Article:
This neighborhood staple roasts and blends its own coffee daily, and makes a point of knowing each and every customer by name. Pastries, sandwiches, ice cream, shakes and loose-leaf teas are served to Bridgeport Bohemians and older locals alike. No vegan items on the menu, but otherwise more than happy to make it your way. Free Wi-Fi keeps the conversation to a quiet hum and makes for a warm and cozy workspot—the staff also keeps it interesting with diverse but noninvasive musical selections. The best place to go for coffee in Bridgeport.
Bronzeville Coffee and Tea
528 East 43rd, (773)536-0494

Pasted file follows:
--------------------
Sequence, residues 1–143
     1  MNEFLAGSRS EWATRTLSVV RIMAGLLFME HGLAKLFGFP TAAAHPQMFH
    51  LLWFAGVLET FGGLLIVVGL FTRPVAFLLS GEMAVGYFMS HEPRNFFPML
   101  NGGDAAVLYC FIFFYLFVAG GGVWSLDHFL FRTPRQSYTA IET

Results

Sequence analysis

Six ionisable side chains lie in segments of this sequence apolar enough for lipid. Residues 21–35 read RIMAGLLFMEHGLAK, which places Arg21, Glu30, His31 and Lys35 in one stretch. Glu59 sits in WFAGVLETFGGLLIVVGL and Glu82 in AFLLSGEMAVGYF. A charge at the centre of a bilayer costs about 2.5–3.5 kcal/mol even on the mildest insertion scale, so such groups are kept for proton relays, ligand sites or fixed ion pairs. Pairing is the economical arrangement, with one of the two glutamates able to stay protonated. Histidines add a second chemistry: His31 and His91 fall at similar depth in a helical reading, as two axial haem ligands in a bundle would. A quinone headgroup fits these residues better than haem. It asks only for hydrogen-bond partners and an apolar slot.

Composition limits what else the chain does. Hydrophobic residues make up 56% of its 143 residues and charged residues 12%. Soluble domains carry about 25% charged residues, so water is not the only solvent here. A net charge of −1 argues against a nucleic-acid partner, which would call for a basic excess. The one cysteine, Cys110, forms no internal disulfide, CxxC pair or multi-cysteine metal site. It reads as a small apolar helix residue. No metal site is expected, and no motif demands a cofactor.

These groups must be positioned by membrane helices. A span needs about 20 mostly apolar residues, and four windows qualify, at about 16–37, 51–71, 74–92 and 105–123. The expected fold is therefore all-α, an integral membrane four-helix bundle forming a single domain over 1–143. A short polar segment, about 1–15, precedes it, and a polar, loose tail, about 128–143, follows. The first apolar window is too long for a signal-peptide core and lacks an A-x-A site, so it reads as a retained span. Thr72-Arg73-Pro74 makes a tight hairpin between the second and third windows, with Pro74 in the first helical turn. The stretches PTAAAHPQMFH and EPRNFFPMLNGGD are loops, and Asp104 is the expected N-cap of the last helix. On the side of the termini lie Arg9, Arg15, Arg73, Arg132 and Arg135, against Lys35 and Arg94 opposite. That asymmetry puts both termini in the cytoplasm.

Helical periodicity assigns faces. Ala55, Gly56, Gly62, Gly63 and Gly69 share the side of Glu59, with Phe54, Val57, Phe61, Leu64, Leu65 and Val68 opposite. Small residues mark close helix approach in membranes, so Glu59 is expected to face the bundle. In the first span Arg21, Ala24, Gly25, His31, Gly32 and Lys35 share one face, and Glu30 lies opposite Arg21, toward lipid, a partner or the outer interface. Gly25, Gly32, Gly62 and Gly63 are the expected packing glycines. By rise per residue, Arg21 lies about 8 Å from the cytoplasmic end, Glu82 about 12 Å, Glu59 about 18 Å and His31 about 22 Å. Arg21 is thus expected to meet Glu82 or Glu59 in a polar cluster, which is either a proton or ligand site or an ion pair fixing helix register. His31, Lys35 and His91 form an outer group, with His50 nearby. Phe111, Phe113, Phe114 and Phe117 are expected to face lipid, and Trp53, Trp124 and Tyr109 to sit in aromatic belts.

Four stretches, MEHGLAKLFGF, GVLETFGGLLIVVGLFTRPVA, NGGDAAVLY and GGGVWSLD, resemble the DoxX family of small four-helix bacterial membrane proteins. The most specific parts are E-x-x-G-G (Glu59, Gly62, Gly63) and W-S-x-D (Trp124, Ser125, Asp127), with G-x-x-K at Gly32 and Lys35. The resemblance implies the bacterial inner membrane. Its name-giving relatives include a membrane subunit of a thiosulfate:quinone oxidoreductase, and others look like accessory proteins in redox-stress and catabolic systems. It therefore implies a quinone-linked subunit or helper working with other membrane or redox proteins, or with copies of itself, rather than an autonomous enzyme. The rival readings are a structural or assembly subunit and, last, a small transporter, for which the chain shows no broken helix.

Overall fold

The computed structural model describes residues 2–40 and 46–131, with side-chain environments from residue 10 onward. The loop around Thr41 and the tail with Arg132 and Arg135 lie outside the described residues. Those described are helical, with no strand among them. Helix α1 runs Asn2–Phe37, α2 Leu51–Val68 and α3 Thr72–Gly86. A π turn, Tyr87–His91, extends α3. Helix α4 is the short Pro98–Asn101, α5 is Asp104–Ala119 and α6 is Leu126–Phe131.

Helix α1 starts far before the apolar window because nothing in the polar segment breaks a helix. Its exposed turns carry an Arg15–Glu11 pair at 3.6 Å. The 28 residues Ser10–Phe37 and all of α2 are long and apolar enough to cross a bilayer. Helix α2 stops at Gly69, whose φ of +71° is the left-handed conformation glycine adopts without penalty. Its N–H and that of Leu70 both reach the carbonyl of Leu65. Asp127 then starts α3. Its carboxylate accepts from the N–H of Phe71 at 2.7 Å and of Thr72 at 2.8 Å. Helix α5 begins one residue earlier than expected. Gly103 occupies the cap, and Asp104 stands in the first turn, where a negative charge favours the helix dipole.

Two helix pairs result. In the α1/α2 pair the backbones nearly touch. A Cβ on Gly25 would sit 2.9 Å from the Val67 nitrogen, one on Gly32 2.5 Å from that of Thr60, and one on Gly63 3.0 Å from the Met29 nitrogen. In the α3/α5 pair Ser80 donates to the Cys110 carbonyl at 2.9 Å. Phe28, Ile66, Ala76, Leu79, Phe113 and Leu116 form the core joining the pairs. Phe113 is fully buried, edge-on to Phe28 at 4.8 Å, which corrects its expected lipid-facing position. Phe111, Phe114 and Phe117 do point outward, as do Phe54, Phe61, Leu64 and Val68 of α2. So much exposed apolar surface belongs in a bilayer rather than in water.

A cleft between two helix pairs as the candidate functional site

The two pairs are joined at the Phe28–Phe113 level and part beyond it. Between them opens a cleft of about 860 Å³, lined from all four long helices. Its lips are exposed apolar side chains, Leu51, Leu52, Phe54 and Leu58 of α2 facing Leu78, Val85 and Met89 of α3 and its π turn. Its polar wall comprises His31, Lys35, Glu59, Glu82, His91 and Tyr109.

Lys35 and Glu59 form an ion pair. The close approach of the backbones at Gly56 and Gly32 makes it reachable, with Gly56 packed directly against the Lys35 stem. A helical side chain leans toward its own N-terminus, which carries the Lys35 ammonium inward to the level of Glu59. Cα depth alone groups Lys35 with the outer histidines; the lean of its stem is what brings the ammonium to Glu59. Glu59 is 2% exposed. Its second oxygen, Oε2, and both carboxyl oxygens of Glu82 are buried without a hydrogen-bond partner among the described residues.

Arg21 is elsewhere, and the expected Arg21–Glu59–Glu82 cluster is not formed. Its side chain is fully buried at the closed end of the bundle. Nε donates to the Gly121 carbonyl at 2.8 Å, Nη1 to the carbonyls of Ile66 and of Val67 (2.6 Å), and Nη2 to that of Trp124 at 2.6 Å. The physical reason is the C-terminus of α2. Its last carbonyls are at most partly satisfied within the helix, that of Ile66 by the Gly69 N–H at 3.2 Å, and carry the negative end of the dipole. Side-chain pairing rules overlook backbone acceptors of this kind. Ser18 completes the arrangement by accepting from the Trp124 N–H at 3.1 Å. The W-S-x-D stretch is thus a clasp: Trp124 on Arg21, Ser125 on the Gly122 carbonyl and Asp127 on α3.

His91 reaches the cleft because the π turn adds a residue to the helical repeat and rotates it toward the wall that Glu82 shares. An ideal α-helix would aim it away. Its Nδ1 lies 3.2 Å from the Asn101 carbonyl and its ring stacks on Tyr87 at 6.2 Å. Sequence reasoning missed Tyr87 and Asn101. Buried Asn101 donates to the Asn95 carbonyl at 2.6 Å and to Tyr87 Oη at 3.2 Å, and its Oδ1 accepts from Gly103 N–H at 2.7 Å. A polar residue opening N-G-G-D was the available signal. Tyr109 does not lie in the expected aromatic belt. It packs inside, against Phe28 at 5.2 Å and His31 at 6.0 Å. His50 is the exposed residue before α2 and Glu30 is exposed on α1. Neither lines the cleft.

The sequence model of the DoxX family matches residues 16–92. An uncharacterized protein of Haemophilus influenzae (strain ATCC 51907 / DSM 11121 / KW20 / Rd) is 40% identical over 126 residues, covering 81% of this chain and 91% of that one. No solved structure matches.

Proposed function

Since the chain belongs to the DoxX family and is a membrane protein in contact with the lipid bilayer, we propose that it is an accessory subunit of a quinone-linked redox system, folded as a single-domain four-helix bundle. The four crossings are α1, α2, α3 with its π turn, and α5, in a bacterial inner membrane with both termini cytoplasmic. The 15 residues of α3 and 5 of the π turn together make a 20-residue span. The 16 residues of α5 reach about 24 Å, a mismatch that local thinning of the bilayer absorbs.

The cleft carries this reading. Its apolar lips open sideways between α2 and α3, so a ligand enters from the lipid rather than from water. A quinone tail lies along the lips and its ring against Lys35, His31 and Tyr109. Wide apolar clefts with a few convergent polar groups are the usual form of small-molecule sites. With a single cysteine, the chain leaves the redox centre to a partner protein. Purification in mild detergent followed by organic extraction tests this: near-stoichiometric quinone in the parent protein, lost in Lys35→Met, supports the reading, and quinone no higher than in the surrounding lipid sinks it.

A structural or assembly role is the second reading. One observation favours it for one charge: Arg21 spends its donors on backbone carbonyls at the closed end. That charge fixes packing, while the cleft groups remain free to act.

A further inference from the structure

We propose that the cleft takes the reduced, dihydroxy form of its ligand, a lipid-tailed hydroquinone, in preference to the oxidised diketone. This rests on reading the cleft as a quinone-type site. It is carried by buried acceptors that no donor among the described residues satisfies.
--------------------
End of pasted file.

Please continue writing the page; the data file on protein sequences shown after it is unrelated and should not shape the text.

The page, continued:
Bronzeville Coffee and Tea is as refreshing as, well, a cup of good coffee. Indeed, the dark brown awning and creamy-colored interior practically smell of the stuff. Designed by owners Trez V. Pugh III and Richard Chalmers to be as comforting as your own home, the shop boasts of free Wi-Fi and forty outlets—one for every table—not to mention a more spacious and inviting restroom than even most houses care to afford. Conversation is always vibrant—a “Topic of the Day” sometimes gets written up on the chalkboards—and other notables include a bookshelf of free reading, occasional comedy bouts in the dining area out back, and the Caramel Royale, the shop’s signature drink.
Café De Luca
1721 North Damen, (773)342-6000